SDL Receives Contract to Research Plants for Space Travel
February 20, 2004
LOGAN – In preparation for current and future space endeavors, NASA awarded the Space Dynamics Laboratory (SDL) a $750 thousand contract to research the best types of vegetables to grow in space, how to clean them and the psychological effects they have on astronauts and cosmonauts.
“We are saving NASA millions of dollars by building off the existing technology we have developed with our Russian partners,” said Gail Bingham, Ph.D., chief scientist at SDL.
SDL, a unit of Utah State University Research Foundation, teamed with the Russian Institute of Bio-Medical Problems (IBMP), built and operated the Svet growth chamber used on the Mir station. More recently the team developed Lada, a small growth chamber hosted in the Russian segment of the International Space Station (ISS).
This NASA contract will use Lada hardware to perform research to aid in developing procedures for a future large-scale growth chamber called the Vegetable Production Unit. Bingham said this is a new direction for space plant research.
“This is really what we built Lada for,” he said. “This is its first baseball game. It is going to be a really fun project.”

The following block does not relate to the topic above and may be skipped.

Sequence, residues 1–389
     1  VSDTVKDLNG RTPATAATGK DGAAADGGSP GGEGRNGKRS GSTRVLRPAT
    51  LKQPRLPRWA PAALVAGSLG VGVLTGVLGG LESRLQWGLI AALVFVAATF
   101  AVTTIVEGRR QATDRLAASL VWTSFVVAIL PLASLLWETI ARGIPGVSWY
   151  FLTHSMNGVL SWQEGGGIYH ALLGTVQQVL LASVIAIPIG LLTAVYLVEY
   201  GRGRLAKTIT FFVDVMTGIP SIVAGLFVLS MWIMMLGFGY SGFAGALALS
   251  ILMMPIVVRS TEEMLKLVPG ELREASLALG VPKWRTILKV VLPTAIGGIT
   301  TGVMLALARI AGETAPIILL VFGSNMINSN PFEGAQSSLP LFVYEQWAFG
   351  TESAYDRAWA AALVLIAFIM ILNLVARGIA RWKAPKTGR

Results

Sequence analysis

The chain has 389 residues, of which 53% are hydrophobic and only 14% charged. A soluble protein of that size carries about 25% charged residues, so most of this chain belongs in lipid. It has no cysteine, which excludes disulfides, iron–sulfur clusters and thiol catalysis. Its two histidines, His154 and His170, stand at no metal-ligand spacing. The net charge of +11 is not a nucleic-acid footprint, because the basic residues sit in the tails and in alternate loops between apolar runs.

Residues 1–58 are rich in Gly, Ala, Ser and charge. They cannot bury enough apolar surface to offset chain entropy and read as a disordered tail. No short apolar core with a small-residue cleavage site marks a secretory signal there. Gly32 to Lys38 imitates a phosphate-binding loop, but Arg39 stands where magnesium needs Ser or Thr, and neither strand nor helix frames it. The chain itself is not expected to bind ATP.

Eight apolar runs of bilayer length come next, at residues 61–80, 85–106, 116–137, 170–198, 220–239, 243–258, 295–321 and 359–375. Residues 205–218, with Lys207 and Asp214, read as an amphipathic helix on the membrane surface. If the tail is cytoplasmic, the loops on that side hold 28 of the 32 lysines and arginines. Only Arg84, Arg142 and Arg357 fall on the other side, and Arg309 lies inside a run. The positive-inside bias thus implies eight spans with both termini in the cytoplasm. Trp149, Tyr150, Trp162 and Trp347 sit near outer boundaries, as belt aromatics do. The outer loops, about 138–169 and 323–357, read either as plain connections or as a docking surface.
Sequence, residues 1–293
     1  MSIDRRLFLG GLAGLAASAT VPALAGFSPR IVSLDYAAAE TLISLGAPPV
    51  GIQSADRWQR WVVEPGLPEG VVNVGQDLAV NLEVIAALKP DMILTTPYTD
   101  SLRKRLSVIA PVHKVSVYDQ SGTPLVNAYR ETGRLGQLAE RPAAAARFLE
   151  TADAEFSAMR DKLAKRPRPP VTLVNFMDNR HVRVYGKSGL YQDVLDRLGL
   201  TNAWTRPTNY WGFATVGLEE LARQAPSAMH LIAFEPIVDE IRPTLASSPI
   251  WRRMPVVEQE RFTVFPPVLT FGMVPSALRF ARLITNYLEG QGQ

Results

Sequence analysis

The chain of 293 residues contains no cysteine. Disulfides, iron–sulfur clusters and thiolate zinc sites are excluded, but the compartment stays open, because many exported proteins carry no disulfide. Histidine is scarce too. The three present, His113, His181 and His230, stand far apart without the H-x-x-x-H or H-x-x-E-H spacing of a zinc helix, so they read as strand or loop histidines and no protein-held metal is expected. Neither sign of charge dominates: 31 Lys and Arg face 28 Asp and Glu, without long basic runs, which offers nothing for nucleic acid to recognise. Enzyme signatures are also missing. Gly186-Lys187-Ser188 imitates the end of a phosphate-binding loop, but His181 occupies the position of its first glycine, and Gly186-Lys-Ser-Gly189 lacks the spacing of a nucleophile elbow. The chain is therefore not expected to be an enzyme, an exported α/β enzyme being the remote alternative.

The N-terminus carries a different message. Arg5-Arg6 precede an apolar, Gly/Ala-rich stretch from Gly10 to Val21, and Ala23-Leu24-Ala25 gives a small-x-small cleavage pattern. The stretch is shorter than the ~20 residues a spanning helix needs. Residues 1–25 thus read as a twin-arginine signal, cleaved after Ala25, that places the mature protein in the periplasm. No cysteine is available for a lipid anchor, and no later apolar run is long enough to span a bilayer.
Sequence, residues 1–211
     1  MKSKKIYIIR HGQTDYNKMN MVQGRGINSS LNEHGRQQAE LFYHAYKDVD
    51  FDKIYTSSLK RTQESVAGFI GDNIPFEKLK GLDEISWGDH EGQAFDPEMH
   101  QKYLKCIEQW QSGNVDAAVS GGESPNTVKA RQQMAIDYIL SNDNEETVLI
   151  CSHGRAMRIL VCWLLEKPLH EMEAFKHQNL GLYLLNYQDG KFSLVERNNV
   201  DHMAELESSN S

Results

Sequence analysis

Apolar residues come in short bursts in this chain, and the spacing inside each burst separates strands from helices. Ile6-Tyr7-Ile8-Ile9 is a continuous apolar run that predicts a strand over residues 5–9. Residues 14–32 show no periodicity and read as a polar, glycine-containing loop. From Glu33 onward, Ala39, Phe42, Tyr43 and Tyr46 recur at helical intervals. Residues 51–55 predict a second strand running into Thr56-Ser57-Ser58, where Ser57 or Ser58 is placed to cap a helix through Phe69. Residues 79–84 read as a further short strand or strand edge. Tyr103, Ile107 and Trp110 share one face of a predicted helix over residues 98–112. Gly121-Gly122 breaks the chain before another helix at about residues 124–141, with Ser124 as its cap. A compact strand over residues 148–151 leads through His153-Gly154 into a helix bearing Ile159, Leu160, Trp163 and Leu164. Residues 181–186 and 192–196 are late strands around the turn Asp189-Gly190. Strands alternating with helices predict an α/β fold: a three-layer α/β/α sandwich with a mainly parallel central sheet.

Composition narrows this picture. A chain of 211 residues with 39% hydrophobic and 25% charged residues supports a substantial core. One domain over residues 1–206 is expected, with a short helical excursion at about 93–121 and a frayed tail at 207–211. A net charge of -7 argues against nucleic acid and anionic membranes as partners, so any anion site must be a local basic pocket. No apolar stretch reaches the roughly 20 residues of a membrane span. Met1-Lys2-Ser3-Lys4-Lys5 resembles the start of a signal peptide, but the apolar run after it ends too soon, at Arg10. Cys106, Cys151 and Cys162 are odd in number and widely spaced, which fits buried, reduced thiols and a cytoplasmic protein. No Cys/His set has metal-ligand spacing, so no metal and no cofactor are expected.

The contract involves three areas. The first is to research different types of plants and to check the plants’ yields on the ground using Lada. SDL will then verify the plant yields performing the same experiments using Lada on the ISS.
Food safety and diet needs are the second aspect of the NASA contract. SDL will perform research on the different types of plants to satisfy nutritional needs and different cultural backgrounds. To ensure astronaut health, SDL will work with the USDA to develop procedures for cleaning the vegetables for consumption.
“Dirty fingerprints may be harmful to astronauts, so we are working out new procedures that will wash the lettuce or vegetable grown that will ensure food safety,” said Bingham. “This protocol that may be used in growth chambers on the International Space Station, the Moon, Mars and the transit vehicles used to get there.”
The third aspect of the contract and the most important according to Bingham is the study of the psychological benefits the plants have on crew members. Jack Stuster, Ph.D. principle scientist of Anacapa Sciences will be working closely with SDL to evaluate the astronauts’ journals to determine the psychological effects of vegetable production in space.
“This is where we determine what the real value of plants in space. When we factor in the psychology of the astronauts, I believe plant development will come out to be of higher value than just shipping dehydrated food from the ground,” said Bingham. “No one else has done this before – it is a first.”
The contract is a three-year study. Other team members include Bruce Bugbee, Ph.D., of Utah State University’s plants, soils and biometeorology department and Jay Garland, Ph.D., of Dynamac Corporation at Kennedy Space Center. SDL will also be working cooperatively with the NASA Food Technology Commercial Space Center at Ames, Iowa.
“I am happy to see it happening. Now we have a mission that will actually allow us to use our expertise to help NASA managers and people designing future space travel projects,” said Bingham.